Explanation of reserves, IBNR, and impact on employers.;

What are "reserves"?
An estimate of the eventual total cost of claims.

Who decides reserve amounts?
Insurance company claims department staff estimate the eventual total cost of claims. Some insurance companies use third party administrators (TPAs) to process their claims, but the insurance company is ultimately responsible. The employer and agent can certainly provide input into the estimating process. Employers have a right to an explanation of how reserves are estimated and can challenge reserve amounts if they disagree with the estimates. However, the setting of reserves does involve judgment, and it is the carrier's decision. If an employer is constantly disagreeing with its carrier on reserve amounts, then the employer would probably desire to change carriers.

What are "incurred" costs?
The incurred costs or incurred losses for a claim are the amounts that have been paid out so far plus the reserves for future, anticipated losses.

What is IBNR?
IBNR stands for "incurred but not reported." For instance, if we are looking at claims for a policy effective 1/1/2018 to 1/1/2019 a month after the policy expires (in February, 2019) there could be some injuries that occurred but have not yet been reported to the employer by the worker, or reported to the carrier by the employer. So, when actuaries estimate reserves, they make an adjustment for these unreported claims. Based on past experience, they can estimate amounts for unreported claims, so IBNR amounts become part of the overall reserve.

How do reserves affect employers?
They can have an impact on the premiums of most employers and must be carried as liabilities on the balance sheets of self-insured employers. In Indiana, employers qualify for experience rating when their premium reaches an annual average of $2750. The experience rating formula compares actual losses against expected losses. Reserve amounts for open claims are treated as actual losses, so reserves directly impact the experience rating modification factor.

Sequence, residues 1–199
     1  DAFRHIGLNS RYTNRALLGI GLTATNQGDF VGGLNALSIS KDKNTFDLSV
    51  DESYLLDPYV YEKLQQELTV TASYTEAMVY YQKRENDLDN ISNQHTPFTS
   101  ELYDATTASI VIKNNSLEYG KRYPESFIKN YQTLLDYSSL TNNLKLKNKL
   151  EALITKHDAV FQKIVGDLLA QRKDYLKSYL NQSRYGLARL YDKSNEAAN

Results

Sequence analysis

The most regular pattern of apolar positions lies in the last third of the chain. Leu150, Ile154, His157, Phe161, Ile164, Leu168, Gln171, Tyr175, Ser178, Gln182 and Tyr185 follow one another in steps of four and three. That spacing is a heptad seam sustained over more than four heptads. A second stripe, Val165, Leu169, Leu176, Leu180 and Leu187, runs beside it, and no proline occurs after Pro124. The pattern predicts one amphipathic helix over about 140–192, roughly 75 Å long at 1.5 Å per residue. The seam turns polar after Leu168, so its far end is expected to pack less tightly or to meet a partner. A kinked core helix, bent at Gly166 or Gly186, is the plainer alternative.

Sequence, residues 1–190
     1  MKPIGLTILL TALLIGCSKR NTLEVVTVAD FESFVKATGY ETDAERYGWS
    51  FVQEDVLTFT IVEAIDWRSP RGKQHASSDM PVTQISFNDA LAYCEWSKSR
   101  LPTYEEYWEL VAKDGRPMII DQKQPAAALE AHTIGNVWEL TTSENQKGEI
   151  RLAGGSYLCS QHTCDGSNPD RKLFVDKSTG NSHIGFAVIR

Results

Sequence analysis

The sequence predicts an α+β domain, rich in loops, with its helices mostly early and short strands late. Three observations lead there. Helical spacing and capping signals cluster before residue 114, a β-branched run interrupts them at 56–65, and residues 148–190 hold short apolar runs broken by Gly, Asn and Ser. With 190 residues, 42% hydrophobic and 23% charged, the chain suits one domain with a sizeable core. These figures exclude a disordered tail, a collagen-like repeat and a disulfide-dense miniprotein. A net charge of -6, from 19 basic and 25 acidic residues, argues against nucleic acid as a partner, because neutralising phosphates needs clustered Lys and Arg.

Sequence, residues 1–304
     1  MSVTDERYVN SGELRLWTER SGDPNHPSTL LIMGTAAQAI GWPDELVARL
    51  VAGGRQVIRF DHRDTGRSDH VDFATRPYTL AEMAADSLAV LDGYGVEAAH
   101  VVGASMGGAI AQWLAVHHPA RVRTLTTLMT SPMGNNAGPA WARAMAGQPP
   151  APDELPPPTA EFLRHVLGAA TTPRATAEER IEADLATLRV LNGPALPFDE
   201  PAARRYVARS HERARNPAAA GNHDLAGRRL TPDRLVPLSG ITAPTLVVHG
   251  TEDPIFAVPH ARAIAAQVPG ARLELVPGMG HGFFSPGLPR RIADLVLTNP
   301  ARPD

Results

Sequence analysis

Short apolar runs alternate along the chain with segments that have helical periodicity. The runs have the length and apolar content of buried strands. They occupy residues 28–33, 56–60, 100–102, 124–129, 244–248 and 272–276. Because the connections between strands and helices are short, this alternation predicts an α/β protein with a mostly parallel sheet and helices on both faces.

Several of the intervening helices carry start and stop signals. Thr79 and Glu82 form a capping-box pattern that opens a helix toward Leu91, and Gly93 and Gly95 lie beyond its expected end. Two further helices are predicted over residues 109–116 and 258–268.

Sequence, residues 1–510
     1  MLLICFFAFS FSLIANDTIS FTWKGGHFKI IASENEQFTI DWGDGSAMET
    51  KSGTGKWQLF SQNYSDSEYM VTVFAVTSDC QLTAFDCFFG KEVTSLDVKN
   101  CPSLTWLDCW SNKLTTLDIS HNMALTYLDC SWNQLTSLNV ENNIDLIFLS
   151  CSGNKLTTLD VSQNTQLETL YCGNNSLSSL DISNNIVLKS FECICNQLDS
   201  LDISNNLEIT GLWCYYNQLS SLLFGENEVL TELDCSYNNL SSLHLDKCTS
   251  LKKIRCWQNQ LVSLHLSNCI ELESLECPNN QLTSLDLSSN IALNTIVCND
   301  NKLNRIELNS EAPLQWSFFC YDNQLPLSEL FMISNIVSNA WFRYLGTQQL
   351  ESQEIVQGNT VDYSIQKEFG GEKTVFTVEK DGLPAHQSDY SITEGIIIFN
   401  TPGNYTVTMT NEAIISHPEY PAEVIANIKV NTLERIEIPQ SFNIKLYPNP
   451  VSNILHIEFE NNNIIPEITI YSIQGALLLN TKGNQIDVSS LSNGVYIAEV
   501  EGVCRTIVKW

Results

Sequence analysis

"Sweet 16"
The ICRB suggests employers and agents use the "Sweet 16" guideline. Since carriers must place a value on all claims 18 months after the policy effective date, then they should be in contact with the carrier 16 months after the policy effective date and be sure they understand the reserves that will be assigned to their open claims.
Once a carrier reports the payroll and loss data to the ICRB, due 20 months after policy effective date under the Unit Statistical Plan, the amounts are only updated annually thereafter, unless a clerical error or subrogation occurs. "Errors in judgment" do not get corrected.

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